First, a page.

Book Review: Gibraltar: The Greatest Siege in British History by Roy Adkins and Lesley Adkins, (Viking, 2017).
It is natural to think of the American Revolution in terms of events on the Atlantic coast of North America. But the American Revolution was a truly global war. King George III and many of his countrymen may have initially dismissed the Americans as rebellious children to be put down with a firm hand, but France and Spain saw other opportunities.
One of Madrid’s war aims was to recover the small isthmus of Gibraltar located on the eastern side of the Bay of Algeciras and dominated by a massive and widely-recognized dome of rock. Possession of the isthmus was critical to controlling the straits connecting the Mediterranean with the Atlantic. Britain seized Gibraltar from Spain in 1704 during the War of Spanish Succession, which had gnawed at the Spanish ever since. So, within days of declaring war on Britain, Madrid commenced “The Great Siege.” The siege lasted 1,323 days between June 21, 1779 and February 2, 1783. Roy and Lesley Adkins ably chronicle events in their latest book, Gibraltar: The Greatest Siege in British History.
Ironically, the siege was begun somewhat peacefully by closing the border. Gibraltar is barren and incapable of supporting itself. In peacetime, it relied heavily on supplies purchased in the Spanish countryside. The garrison, family members, and a small trading town populated by a polyglot of nationalities, ethnicities, and religions regularly interacted with Spanish authorities in the nearby town of San Roque. So, initially, the siege disrupted the economy and social life on Gibraltar more than anything else.
The idyll did not last long. The Spanish quickly extended old siege lines while the British moved to a war footing. Gibraltar’s governor, Gen. George Augustus Eliott, was a dynamo of activity, sleeping little, subsisting on a parsimonious vegetarian diet, and taking substantive steps to prepare for battle.
It was just as well that the governor did not eat meat. The Spanish strategy for the first eighteen months relied on starvation. A significant portion of the book’s early sections deals with civilian and military complaints about rising prices and food scarcities, with expected outbreaks of smallpox and scurvy resulting from so many people on a restricted diet crammed into such a small space. Nonetheless, the Spanish could not starve the British out; indeed, their own besieging army may have suffered as much from deprivation. Simply, the region around Gibraltar could not sustain a large force.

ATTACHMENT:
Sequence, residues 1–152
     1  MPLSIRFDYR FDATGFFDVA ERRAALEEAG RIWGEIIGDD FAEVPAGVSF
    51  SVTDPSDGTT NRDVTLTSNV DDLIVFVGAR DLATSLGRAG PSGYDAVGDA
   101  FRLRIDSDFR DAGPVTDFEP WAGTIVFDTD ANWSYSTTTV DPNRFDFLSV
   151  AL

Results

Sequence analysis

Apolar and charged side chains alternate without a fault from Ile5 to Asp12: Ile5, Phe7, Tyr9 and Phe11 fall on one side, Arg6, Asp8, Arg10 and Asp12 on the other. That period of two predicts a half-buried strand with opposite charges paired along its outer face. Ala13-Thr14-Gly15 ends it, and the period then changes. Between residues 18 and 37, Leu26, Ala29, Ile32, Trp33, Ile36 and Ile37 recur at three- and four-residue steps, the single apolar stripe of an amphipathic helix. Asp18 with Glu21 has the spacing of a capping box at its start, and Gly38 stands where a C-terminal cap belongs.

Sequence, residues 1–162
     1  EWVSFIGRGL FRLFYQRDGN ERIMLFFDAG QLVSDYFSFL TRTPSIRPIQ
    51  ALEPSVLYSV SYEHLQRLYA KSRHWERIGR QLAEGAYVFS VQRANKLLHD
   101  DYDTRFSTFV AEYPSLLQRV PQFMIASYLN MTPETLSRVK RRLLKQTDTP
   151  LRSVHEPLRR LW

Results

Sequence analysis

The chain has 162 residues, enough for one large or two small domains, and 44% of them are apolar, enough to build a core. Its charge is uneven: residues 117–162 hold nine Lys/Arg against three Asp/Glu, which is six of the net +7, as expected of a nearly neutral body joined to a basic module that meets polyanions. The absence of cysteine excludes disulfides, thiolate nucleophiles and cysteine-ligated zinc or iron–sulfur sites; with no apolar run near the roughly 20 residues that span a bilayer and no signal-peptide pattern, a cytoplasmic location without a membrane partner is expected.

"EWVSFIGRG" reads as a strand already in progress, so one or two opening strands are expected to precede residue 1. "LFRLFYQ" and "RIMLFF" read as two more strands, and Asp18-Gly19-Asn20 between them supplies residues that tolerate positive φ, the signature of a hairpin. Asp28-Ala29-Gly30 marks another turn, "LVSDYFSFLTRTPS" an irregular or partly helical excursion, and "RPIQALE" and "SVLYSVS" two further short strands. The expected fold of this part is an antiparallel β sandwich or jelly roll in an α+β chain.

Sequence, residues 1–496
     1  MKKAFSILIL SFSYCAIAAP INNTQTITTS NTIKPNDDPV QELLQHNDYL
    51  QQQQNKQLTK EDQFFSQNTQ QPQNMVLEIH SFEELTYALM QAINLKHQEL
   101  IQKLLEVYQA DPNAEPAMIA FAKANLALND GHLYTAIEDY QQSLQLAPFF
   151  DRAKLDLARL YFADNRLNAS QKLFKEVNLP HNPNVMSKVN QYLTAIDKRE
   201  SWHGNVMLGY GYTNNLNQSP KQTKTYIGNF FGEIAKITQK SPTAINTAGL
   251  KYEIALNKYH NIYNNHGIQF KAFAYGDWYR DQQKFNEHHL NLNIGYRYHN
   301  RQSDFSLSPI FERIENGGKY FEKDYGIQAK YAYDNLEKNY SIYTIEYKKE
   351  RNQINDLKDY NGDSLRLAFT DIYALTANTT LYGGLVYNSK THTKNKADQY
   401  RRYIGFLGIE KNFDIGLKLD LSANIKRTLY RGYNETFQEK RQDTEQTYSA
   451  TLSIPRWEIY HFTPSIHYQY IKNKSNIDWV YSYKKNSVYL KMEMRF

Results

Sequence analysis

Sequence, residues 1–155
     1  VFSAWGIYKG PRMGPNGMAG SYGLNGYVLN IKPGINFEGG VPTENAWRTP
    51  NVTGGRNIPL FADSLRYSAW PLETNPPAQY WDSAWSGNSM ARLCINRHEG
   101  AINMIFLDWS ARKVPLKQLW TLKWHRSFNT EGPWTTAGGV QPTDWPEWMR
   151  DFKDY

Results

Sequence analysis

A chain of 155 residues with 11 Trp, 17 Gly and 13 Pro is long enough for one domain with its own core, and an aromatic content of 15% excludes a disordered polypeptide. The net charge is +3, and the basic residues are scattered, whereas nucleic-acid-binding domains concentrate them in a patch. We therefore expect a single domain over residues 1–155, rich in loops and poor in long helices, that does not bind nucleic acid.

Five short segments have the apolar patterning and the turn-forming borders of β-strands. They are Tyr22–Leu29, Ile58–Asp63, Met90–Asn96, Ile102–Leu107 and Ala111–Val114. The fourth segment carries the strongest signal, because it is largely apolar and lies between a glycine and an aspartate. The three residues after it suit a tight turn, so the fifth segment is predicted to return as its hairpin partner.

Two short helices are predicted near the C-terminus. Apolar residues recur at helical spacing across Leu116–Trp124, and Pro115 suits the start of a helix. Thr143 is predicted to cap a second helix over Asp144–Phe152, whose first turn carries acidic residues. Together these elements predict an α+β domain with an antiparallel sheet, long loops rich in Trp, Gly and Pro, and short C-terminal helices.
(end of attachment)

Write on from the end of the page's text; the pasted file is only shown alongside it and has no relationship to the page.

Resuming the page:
At the end of 1779, a British relief fleet put to sea under the command of Adm. George Rodney. En route, it captured a Spanish convoy, fought and defeated a Spanish squadron in the Battle of Cape St. Vincent, and then arrived in Gibraltar in January 1780. Rodney did not stay long, but the supplies were critical. For the next sixteen months, the British garrison maintained itself, relying on blockade runners, local gardens, warehoused foodstuffs, and fisherman for sustenance. It routinely engaged with Spanish batteries and small Spanish gunboats, but waited tensely for the massive bombardment expected at any moment. In April 1781, another large convoy arrived. It might have marked an uptick in British fortunes, but the Spanish selected that day to begin the long-awaited grand bombardment. It quickly destroyed the town in which Gibraltar’s civilians lived, causing them to flea south and seek what shelter they could find. For their part, the garrison’s soldiers looted the town. The Adkins’ explain such indiscipline as the result of drunkenness and months of privation and extortion by some merchants, who had hoarded goods and contributed to the scarcity that drove up prices. As the Spanish siege lines crept ever closer to British defenses, Governor Eliott himself led a sortie to wreck them, which the authors describe in suitably dramatic fashion.
In 1782, a combined French-Spanish expedition captured the island of Minorca and then prepared to assault Gibraltar. The British garrison, totaling about 7500 men, including those in the hospital, faced a combined enemy force estimated at 50,000. Even allowing for exaggeration, the British estimates highlight the disparity between the scale of the forces committed in North America and those operating against the British empire elsewhere. The French and Spanish planned to bombard Gibraltar’s western side from uniquely designed floating batteries and make a contested infantry landing. The assault failed when British red hot-shot set the batteries on fire. Less than a month later, Lord Richard Howe brought another convoy into the isthmus. While both sides continued to conduct operations, the drama associated with the Great Siege of Gibraltar was over.
Roy and Lesley Adkins are fine writers and Gibraltar is an enjoyable read. Extensive use of first-person accounts, including the journals and letters of civilians and soldiers’ wives, give Gibraltara welcome sense of intimacy. But, it will not be the definitive account. The story unfolds primarily from the British point of view and Spanish perspectives are modest. The Adkins provide enough context for the reader to understand how events elsewhere affected major developments at Gibraltar, but not enough to explain how events at Gibraltar fully affected events elsewhere. They speculate on that matter, as did some Brits after the war, but do not truly assess different interpretations. To the degree that Gibraltar is primarily a history of the experience of those living on the isthmus (soldiers and civilians alike), it is a fine book. But, it leaves a hole in the reader’s understanding of events. Nonetheless, Gibraltar: The Greatest Siege in British History is a valuable contribution to our understanding of the American Revolution and should be read by anyone interested in the war or eighteenth century British military history.